The Final Countdown - John Scott - Soundtrack Review

June 17, 2017

 

This week, I decided to talk about a composer who is not so well-known among film music fans, but I think we should also do not forget his contribution to the film music universe. I have two soundtracks of him, “The Final Countdown”, and “Lionheart”, Scott's score for a not so bad Jean-Claude van Dame movie. I decided to introduce John Scott with “The Final Countdown” (1980) and will talk about “Lionheart” later. Let’s start with some basic comments about John Scott

 

The composer

 

John Scott is an English film composer who has collaborated with directors such as Richard Donner, Norman Jewison, Irvin Kershner and many others and is well-know for his collaboration with the French explorer Jacques Cousteau on his documentaries. He also composed a score for “The Prayer for the Dying” (1987), the Mike Hodges drama about a former IRA member. Bill Conti composed the final score. Scott also composed the music for Roger Spottiswoode’s mountain Thriller “Shoot To Kill” (1988).

 

At the age of 14, Scott enrolled in the British Army as a Boy Musician and continued his musical studies of the clarinet, harp and saxophone. Later he toured with some of the best-known British bands, was hired by EMI to arrange and conduct some of its most popular artists and worked with Beatles producer George Martin. Scott, credited as Johnny Scott, led a jazz combo during the 1960s. Two other interesting facts to mention are that Scott played for Henry Mancini and was the principal saxophonist in John Barry's soundtrack for “Goldfinger”.  Scott has composed for more than 100 film and television productions.

 

The movie

 

“The Final Countdown” was the Top Gun of that area. Kirk Douglas Son Peter was the driving force behind the picture and was able to get the cooperation of the United States Navy. Therefore, the film was filmed on board of the USS Nimitz supercarrier. The basic idea of the script is very interesting: Because of a getting into a strange storm-like vortex, the Nimitz with Captain Kirk Douglas is brought back to the December 6th, 1941, one day before the attack on Pearl Harbour. Now, they are facing an interesting situation: Shall the modern aircraft strike against the incoming Japanese forces or shall they do nothing because they have no idea what will happen to the time continuum when they change history as a defense expert Martin Sheen explained? The finale of the movie lacks a really good idea to solve this issue, but even though the picture is still worth seeing. Here is the trailer:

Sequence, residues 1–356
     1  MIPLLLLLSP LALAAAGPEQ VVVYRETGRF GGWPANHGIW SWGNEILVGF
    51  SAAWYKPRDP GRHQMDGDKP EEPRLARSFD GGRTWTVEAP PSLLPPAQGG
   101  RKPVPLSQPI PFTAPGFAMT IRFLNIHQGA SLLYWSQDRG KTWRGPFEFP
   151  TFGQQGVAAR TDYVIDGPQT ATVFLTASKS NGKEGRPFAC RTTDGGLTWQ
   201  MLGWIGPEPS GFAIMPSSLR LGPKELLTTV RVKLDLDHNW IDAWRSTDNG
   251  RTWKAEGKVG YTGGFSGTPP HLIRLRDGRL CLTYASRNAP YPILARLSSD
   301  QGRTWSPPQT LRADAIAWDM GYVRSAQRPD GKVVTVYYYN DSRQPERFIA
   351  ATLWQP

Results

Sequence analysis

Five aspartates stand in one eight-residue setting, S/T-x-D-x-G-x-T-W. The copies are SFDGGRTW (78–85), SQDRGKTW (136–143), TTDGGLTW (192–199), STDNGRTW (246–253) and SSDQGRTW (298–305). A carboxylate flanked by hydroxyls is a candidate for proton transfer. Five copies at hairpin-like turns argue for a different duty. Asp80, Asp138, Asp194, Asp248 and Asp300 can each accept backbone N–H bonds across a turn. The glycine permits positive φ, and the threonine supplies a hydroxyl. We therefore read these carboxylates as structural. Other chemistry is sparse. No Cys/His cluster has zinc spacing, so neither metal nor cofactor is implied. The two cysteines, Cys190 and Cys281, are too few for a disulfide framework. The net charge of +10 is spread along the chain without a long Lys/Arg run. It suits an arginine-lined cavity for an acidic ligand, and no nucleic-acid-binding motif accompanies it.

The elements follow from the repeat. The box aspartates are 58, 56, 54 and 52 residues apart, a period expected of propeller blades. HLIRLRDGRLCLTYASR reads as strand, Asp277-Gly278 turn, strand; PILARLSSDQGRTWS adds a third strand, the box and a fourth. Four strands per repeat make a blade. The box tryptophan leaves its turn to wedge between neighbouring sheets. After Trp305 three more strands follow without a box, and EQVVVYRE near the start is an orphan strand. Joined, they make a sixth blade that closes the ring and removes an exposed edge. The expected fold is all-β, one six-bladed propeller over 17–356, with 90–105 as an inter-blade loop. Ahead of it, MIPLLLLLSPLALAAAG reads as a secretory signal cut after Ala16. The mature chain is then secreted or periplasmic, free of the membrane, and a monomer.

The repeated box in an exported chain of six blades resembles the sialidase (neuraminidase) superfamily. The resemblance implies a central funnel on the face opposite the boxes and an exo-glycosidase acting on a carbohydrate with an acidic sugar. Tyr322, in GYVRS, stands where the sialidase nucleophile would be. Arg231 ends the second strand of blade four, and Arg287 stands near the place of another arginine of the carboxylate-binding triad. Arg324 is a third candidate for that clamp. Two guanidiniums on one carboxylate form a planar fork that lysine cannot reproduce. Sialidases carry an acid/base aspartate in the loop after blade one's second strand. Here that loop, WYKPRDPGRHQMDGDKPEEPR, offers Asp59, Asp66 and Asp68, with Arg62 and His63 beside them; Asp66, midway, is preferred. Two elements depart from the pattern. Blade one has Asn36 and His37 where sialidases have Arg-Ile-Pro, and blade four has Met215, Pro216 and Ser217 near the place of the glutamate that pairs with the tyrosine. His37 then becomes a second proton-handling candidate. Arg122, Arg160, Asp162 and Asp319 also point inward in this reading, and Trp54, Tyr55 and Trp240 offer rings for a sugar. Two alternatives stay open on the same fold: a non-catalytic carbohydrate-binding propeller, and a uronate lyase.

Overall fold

The music

 

Except of the nice scenes with the aircraft, John Scott’s music is the best part of the movie. The composer created a powerful and majestic main theme and took the whole project very seriously in his musical approach. You can find great music for the flying scenes and a very nice love-theme with a quite interesting orchestrated approach. Because of the military aspect of the music, the score is dominated by the brass section and the percussion.

 

The main theme is such a powerful piece of music with a majestic melody. In combination with the jets in the movie and the blue sky, this theme drives the emotion of the audience really upon the sky:

The score has a wonderful love theme which you can find here. Listen especially to the effect starting from 0’56, this gives the whole piece a haunting atmosphere

The soundtrack album has 23 tracks, but when listening to the score, I skip most of them. Some are too much dependent on the movie. For the scenes when the Vortex appears and also the time wrap scene the music is frightened to build up suspense. In the movie, the music would work great because it is kind of a musical expression of a time travel, but director Don Taylor decided to just use sound effects, on the CD I normally skip these tracks. Among these tracks in the middle of the album, you can find with track 14 “Lauren and Owen” the love theme again in a wonderful orchestrated version. Track 17 “General Quarters” is a powerful piece of music that perhaps reminds you of similar tracks from Ron Goodwin “When Eagles Dare”. Track 19 “The Storm Reappears” brings the suspense back to the music before the next four tracks bring the movie to an end.

 

John Scott had also the chance to compose a music for the end credits which bring the movie and the album to a wonderful ending. Of course, this movie promotes the US army as you can see in the scene. Would it be nice to become a pilot seems the scenes to say…

 

Overall, John Scott did a great job and the score is another fine example of amazing movie music, timeless in its approach, using the full force of the orchestra and adding some nice unusual musical effects. I was immediately pleased when I heard the main theme and like especially track for his musical ideas. I also think that because of Scott’s superb score, a lot of soundtrack fans choose to watch the movie these days. If you do not have this score in your soundtrack collection, I highly advise to buy it and enjoy this music which is far better than the pop song compilation of Tom Cruise’s “Top Gun” later.

Here is a live performance with the composer as conductor:

 

 

Copyright © Stefan Riedlinger, 2017, all rights reserved. The reviews and other textual content contained on the amazingmoviemusic.com site may not be published, broadcast, rewritten or redistributed without the prior written authority of Stefan Riedlinger.

 

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